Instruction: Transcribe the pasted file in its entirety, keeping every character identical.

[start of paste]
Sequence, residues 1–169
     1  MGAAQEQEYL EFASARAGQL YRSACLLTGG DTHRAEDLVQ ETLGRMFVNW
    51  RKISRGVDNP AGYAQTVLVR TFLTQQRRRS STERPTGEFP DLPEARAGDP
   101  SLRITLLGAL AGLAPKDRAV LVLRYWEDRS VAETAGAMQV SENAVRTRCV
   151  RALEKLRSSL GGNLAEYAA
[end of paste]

Sequence, residues 1–169
     1  MGAAQEQEYL EFASARAGQL YRSACLLTGG DTHRAEDLVQ ETLGRMFVNW
    51  RKISRGVDNP AGYAQTVLVR TFLTQQRRRS STERPTGEFP DLPEARAGDP
   101  SLRITLLGAL AGLAPKDRAV LVLRYWEDRS VAETAGAMQV SENAVRTRCV
   151  RALEKLRSSL GGNLAEYAA